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©2000 Timothy G. Standish 2 Kings 6:17 17And Elisha prayed, "O LORD, open his eyes so he may see." Then the LORD opened the servant's eyes, and he looked.

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Presentation on theme: "©2000 Timothy G. Standish 2 Kings 6:17 17And Elisha prayed, "O LORD, open his eyes so he may see." Then the LORD opened the servant's eyes, and he looked."— Presentation transcript:

1 ©2000 Timothy G. Standish 2 Kings 6:17 17And Elisha prayed, "O LORD, open his eyes so he may see." Then the LORD opened the servant's eyes, and he looked and saw the hills full of horses and chariots of fire all around Elisha.

2 ©2000 Timothy G. Standish Mendelian Genetics Timothy G. Standish, Ph. D.

3 ©2000 Timothy G. Standish Biography - Gregor Mendel Father of classical genetics. Born 1822 to peasant family in the Czech village of Heinzendorf (now called Hyncice), northern Moravia, part of the Austro- Hungarian empire at the time Admitted to the St. Thomas Augustinian Monastery in Brunn (Brno), southern Moravia, now in the Czech Republic Studied mathematics in Olmutz college

4 ©2000 Timothy G. Standish Biography - Gregor Mendel: Education Attended University of Vienna Influenced by: –Franz Unger, a plant physiologist who believed new species could come about via hybridization. –Christian Doppler, physicist who discovered the Doppler effect. Sharpened his math skills Returned to Brunn

5 ©2000 Timothy G. Standish Biography - Gregor Mendel: Research Studied peas which he grew in a garden outside of the Abbey where he lived starting 1856 (3 years prior to publication of Origin of Species). Showed that the traits he studied behaved in a precise mathematical way and disproved the theory of "blended inheritance."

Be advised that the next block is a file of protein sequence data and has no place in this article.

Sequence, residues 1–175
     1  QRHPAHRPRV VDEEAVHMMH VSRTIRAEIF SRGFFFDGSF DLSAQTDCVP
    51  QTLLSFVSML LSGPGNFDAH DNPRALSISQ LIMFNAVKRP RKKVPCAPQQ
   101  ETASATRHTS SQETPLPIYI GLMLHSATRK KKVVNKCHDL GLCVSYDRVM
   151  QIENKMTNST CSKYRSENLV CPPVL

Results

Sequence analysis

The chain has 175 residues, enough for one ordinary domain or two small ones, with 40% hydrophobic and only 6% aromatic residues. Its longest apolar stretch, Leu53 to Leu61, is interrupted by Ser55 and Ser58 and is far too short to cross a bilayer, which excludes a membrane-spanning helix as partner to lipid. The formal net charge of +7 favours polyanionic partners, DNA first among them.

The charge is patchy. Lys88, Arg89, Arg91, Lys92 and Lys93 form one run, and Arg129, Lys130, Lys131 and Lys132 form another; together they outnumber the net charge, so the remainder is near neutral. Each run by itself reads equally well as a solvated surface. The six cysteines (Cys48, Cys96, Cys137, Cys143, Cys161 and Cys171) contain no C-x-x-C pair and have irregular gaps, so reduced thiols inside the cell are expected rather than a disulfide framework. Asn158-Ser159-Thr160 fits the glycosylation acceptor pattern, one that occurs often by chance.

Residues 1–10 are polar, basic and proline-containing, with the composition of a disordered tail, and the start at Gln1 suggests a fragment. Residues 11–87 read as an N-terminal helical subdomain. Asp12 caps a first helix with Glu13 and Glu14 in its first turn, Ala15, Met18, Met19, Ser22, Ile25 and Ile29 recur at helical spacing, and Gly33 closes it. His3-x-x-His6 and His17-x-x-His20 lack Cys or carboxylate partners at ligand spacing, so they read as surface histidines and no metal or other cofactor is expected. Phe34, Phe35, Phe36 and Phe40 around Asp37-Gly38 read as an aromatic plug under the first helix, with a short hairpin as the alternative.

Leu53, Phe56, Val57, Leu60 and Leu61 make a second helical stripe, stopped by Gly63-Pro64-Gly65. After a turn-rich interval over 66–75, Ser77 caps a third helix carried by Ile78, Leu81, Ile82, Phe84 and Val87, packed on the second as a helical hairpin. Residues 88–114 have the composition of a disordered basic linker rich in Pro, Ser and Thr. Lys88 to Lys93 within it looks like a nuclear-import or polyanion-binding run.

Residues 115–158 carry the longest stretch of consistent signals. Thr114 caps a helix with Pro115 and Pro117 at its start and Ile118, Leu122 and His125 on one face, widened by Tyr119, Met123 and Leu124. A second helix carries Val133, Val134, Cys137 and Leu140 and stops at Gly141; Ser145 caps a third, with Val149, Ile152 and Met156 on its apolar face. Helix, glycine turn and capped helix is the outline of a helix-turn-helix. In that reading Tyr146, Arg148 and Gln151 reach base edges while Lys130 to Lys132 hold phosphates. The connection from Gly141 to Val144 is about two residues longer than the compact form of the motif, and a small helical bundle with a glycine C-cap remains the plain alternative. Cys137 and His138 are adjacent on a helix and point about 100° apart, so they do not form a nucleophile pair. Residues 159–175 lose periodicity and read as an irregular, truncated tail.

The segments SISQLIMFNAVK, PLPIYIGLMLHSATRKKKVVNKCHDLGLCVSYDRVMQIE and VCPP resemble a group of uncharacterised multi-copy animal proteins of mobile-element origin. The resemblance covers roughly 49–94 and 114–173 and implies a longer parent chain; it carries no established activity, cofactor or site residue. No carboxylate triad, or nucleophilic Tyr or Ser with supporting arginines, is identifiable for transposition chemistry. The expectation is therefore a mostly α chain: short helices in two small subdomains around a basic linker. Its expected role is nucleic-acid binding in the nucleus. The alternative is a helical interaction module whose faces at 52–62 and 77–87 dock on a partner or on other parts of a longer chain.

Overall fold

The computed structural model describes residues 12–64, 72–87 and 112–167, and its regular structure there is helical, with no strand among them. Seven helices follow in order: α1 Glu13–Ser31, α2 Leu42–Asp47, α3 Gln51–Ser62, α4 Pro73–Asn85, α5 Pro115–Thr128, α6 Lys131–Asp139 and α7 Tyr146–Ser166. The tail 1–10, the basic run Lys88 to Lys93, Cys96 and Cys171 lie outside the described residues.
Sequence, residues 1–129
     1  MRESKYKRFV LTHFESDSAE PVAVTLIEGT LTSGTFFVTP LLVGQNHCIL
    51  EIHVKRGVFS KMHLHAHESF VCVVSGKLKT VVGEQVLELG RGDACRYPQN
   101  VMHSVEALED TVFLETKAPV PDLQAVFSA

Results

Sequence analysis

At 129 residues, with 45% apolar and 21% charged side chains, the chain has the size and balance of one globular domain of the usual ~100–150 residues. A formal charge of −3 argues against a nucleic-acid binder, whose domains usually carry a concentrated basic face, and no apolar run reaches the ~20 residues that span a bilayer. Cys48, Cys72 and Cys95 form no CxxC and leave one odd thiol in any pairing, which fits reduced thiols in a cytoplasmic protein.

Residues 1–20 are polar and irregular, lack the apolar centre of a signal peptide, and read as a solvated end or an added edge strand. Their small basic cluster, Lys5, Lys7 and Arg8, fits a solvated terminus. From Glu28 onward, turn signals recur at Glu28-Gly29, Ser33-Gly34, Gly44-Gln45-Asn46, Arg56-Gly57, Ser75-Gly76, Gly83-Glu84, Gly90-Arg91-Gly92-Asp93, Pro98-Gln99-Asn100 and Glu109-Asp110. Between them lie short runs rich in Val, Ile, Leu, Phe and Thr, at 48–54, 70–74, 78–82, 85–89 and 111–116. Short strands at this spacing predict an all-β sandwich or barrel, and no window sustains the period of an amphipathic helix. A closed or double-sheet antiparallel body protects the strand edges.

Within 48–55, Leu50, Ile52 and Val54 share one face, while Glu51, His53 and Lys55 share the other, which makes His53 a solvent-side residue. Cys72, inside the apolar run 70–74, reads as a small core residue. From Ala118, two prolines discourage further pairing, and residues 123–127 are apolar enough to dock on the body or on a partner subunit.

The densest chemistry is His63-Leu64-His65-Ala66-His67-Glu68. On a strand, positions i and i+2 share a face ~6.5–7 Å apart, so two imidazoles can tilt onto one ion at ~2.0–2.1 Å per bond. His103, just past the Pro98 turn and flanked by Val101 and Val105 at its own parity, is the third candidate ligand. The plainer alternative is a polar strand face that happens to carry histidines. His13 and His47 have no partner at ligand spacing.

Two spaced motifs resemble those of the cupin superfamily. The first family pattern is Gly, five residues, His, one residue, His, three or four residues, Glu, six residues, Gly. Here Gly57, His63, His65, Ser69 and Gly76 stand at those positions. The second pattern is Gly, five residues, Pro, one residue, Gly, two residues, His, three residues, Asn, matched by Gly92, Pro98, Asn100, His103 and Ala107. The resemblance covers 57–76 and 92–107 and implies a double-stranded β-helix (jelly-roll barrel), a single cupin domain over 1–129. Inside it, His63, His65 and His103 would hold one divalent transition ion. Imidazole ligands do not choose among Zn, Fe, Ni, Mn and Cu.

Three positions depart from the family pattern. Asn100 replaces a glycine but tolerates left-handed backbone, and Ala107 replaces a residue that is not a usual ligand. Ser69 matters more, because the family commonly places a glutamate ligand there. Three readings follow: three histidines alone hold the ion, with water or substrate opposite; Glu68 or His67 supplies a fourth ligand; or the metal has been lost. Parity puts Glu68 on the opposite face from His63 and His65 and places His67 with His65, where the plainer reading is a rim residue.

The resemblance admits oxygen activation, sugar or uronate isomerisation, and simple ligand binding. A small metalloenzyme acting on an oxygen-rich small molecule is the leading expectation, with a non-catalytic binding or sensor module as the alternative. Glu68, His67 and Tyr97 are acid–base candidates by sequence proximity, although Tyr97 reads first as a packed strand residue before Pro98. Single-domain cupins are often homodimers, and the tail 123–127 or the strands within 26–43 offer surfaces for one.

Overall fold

6 ©2000 Timothy G. Standish Biography - Gregor Mendel: Publication and Death 1865 first reported results of his work Published rules of transmission of genes in 1866 (handwritten in German, not Latin!). Work was totally ignored Elected Abbot of the monastery and ceased investigation of inheritance Died of kidney failure

7 ©2000 Timothy G. Standish Biography - Gregor Mendel: Rediscovery Mendel’s work was rediscovered in 1900 by three botanists: –Carl Correns (Germany) –Erich von Tschermak (Austria) –Hugo de Vries (Holland)

8 ©2000 Timothy G. Standish Why Peas? Mendel used peas to study inheritance because: True breeding commercial strains were available Peas are easy to grow Peas have many easy to observe traits including: –Seed color - Green or yellow –Seed shape - Round or wrinkled –Pod color - Green or yellow –Pod shape - Smooth or constricted –Flower color - White or purple –Flower position - Axial or terminal –Plant size - Tall or dwarf

9 ©2000 Timothy G. Standish Why Peas? Pea flowers are constructed in such a way that they typically self fertilize Because of this, it is relatively easy to control crosses in peas Pea flower

10 ©2000 Timothy G. Standish Why Peas? Pea flowers are constructed in such a way that they typically self fertilize Because of this, it is relatively easy to control crosses in peas Stigma Pea flower Anthers

11 ©2000 Timothy G. Standish Why Peas? By removing the anthers of one flower and artificially pollinating using a brush, crosses can be easily controlled in peas.

12 ©2000 Timothy G. Standish Why Peas? By removing the anthers of one flower and artificially pollinating using a brush, crosses can be easily controlled in peas.

13 ©2000 Timothy G. Standish Why Peas? By removing the anthers of one flower and artificially pollinating using a brush, crosses can be easily controlled in peas